Boss returns for a second season on Starz. While there have been a few personnel changes, Chicago Mayor Tom Kane (Kelsey Grammer) just keeps doing what he does: using every trick in the book to protect his legacy and get his way.
The Ballot and the Bullet
Last season ended with Kane writhing on his bathroom floor, apparently in the midst of some kind of seizure, after having his duplicitous right-hand man, Ezra Stone (Martin Donovan), shot and killed. The Season 2 premiere ends with more violence, as the ribbon-cutting at his precious, long-awaited O'Hare expansion is interrupted by gunfire, leaving his wife Meredith (Connie Nielsen) wounded, possibly dying. There's so much backstabbing, front-stabbing, and even side-stabbing on this show that nearly anyone could be responsible, even Kane himself.
Not the Kind of Vision You Want in a Mayor
As this season opens, he's consulting with a frightened Dr. Harris (Karen Aldridge), who doesn't have any good news about his health. After he reassures her that an overzealous underling was responsible for her forced exile from the city, she lets him know that he's only going to get worse. He'll experience hallucinations, and increasingly lose touch with what makes him himself. But Kane isn't interested in retirement. He thinks the fact that he's aware that the lizards and Ezras he sees aren't real will protect him.
Boss will apparently continue to be a dense show. The plot and characters are done in pretty broad strokes, as when Kane, realizing he's going to lose his redevelopment vote, signals a compliant alderman to have a psychotic episode, thus giving Kane an excuse to suspend the vote. But there's a lot of intricate detail in Kane's political manipulations, and so many characters to keep track of. One needs to pay attention.
Out with the Old, In with the New
A couple of new characters enter the picture. Mona Fredricks (Sanaa Lathan) is the smart, tough new aide to disgraced Alderman Ross (James Vincent Meredith) and Ian Todd (Jonathan Groff) is Kane's inexperienced but ambitious temp. He's filling in until Kane finds a replacement for Ezra, and good luck with that, Mr. Mayor. I guess Donovan will continue to pop up occasionally as a ghost, but he's a great actor, and he'll be missed. Meanwhile, the conniving Maggie Zajac (Nicole Forester) looks to be taking on a bigger role in her husband's gubernatorial campaign.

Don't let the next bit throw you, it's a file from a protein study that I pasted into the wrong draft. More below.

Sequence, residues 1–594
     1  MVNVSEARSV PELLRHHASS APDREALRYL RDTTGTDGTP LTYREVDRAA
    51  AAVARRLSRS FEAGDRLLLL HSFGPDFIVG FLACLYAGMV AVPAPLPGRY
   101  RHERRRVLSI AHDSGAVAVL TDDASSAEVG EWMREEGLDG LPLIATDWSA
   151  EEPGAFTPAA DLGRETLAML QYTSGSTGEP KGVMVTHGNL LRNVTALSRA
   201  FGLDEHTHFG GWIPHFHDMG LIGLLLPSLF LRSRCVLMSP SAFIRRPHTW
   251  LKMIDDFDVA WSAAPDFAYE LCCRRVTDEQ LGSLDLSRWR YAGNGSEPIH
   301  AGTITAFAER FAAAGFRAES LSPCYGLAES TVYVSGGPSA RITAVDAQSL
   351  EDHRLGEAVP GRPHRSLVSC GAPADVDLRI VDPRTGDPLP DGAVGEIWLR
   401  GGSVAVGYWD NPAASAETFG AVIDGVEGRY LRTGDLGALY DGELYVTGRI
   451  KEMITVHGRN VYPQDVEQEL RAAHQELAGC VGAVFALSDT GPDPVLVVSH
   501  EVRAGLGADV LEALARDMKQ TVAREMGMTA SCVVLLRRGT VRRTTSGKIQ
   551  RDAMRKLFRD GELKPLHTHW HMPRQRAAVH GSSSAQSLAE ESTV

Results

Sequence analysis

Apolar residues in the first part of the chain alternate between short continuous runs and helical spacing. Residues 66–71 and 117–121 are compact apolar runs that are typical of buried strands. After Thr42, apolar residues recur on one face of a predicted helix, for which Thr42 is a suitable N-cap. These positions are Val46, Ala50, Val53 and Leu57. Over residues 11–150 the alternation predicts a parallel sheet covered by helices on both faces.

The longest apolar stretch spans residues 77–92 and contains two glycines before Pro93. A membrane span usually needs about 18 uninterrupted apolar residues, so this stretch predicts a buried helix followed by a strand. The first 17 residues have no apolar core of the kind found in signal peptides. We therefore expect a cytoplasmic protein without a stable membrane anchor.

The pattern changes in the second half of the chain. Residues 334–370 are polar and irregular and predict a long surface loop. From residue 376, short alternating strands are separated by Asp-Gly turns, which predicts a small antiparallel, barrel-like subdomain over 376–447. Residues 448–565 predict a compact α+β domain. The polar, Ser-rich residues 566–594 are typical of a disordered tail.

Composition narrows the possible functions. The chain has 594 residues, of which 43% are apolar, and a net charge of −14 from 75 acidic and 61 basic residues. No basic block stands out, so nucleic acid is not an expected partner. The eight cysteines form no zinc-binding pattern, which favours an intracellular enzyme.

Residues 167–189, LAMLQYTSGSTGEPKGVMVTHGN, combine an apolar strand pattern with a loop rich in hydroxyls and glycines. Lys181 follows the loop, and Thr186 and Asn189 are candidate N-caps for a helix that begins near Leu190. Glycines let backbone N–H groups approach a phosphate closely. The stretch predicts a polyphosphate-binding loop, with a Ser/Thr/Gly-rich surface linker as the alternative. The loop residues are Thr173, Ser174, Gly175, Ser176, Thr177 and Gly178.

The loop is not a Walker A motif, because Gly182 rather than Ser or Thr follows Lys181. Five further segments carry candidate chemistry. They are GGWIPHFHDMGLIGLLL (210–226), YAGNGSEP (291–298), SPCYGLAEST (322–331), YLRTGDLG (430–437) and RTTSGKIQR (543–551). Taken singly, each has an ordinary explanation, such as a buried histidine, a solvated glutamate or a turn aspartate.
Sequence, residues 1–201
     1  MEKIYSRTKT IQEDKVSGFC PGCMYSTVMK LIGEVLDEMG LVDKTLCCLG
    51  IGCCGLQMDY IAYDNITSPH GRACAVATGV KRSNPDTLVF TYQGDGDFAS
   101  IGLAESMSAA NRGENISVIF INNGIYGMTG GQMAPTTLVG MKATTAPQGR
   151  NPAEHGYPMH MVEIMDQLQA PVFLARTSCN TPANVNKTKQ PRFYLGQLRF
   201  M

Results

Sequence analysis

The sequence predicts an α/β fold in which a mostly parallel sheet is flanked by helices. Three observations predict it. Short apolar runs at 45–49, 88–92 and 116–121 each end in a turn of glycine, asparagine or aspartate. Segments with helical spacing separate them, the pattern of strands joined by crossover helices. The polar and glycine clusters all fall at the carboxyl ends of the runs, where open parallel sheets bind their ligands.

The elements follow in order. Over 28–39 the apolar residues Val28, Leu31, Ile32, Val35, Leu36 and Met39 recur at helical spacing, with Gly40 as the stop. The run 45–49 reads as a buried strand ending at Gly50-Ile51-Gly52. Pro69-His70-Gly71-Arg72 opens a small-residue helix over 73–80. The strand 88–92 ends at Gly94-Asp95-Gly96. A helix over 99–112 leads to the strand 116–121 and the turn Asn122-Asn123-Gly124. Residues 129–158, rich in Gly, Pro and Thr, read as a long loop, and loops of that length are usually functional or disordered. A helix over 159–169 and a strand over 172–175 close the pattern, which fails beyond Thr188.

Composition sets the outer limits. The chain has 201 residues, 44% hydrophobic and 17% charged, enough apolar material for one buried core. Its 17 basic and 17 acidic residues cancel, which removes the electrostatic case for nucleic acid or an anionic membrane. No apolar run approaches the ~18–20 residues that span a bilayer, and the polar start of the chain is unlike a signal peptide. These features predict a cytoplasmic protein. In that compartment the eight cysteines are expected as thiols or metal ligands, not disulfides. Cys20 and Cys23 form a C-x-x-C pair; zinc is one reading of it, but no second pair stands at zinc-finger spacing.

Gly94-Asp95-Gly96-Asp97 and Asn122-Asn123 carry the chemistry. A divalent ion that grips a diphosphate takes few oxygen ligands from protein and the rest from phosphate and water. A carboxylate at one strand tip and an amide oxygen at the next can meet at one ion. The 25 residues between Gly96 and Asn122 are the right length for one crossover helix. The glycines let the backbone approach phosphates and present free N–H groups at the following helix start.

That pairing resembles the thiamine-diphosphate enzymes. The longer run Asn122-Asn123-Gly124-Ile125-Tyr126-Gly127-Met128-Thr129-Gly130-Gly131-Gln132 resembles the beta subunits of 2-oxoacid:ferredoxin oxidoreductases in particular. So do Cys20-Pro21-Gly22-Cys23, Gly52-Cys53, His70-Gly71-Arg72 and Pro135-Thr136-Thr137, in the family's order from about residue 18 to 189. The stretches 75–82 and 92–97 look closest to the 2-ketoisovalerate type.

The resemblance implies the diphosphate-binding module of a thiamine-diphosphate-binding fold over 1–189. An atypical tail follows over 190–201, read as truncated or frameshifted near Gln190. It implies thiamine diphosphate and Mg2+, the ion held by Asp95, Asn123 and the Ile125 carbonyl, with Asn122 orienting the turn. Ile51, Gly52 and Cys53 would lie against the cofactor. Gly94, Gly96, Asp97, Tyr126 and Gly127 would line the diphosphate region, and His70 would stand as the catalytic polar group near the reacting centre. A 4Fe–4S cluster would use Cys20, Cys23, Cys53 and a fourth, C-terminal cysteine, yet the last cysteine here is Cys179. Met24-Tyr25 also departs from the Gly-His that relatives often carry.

With ruthless people all around, and even relative innocents like Kane's daughter Emma (Hannah Ware) and dogged reporter Sam Miller (Troy Garity), seemingly susceptible to manipulation, Boss presents a very dark world, but it's still compelling. The great opening credit sequence helps.
"You're not God. You don't wanna shake? How do you feel about seeing monsters, or believing you can fly? Your personality, your judgment, the way you look at the world: All those things will be compromised soon."
--Dr. Harris warns Kane about his future.
"Purpose. I have purpose."
--Kane tells Dr. Harris why he'll keep going.
"Ian, get the alderman a treat. He's being so obedient."
--Linda Driscoll (Elizabeth Laidlaw) mocks her colleague's subservience to Kane, before falling in line herself.
"If your employer wants to be a factor in this negotiation, tell him to show up for work."
--Kane to Mona over Ross's disappearance from the public eye.
"I've stared in the face of killers, never once blinked. Up there, I might just piss myself."
--Kavanaugh (Danny Goldring) expresses his nervousness about introducing Kane at the ribbon-cutting.